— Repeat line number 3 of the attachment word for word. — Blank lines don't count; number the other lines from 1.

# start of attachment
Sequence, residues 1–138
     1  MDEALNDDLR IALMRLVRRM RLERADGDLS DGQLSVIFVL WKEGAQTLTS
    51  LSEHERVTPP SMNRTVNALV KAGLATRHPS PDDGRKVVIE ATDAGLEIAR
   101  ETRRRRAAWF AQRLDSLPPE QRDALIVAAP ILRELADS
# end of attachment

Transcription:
    51  LSEHERVTPP SMNRTVNALV KAGLATRHPS PDDGRKVVIE ATDAGLEIAR